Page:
In an effort to combat citrus greening, some citrus farmers have reportedly begun spraying antibiotics on their trees, sparking concerns about antibiotic resistance, according to the New York Times. The Environmental Protection Agency (EPA) apparently approved the use of streptomycin and oxytetracycline for emergencies “despite strenuous objections from the Food and Drug Administration and the Centers for Disease Control and Prevention” and the existence of bans on similar uses in Europe and Brazil. The Times calls the growers’ current use and the levels that EPA has approved for the future “the largest use of medically important antibiotics in cash crops” and contrasts the decision to the ban on antibiotics used to promote growth in farm animals. One plant pathologist reportedly told the Times that EPA prohibits the application of antibiotics 40 days before harvest, resulting in “little chance consumers would ingest the drugs.”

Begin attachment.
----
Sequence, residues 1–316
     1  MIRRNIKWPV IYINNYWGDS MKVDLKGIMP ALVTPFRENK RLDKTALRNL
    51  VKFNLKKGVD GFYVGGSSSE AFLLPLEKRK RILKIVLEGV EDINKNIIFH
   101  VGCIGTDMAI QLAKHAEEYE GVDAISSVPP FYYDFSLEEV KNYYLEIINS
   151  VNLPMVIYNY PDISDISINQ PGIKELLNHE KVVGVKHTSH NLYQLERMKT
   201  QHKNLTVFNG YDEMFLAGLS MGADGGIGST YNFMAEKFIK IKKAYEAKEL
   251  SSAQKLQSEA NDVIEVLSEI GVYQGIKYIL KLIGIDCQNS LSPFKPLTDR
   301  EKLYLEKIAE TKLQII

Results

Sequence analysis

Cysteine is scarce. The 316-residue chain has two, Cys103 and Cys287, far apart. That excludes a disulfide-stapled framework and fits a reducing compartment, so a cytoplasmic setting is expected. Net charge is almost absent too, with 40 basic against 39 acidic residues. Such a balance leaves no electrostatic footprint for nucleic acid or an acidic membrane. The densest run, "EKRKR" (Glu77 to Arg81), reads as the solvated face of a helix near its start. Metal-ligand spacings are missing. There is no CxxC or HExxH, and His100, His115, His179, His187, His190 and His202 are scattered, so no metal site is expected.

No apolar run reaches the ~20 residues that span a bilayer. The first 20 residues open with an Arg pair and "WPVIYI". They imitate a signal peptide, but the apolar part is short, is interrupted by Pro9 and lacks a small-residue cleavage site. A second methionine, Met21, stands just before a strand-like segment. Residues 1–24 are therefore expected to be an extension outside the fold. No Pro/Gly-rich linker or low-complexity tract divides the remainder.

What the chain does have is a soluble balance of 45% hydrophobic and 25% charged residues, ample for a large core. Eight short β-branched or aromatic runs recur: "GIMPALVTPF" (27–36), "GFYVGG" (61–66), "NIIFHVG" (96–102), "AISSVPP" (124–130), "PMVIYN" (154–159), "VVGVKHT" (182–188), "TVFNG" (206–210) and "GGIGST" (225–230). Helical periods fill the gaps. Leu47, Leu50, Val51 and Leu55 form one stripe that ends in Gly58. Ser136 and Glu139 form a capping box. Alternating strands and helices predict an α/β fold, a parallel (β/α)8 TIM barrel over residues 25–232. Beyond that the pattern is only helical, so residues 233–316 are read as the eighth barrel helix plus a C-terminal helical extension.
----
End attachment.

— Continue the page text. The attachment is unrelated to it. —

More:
About The Author


For decades, manufacturers, distributors and retailers at every link in the food chain have come to Shook, Hardy & Bacon to partner with a legal team that understands the issues they face in today's evolving food production industry. Shook attorneys work with some of the world's largest food, beverage and agribusiness companies to establish preventative measures, conduct internal audits, develop public relations strategies, and advance tort reform initiatives.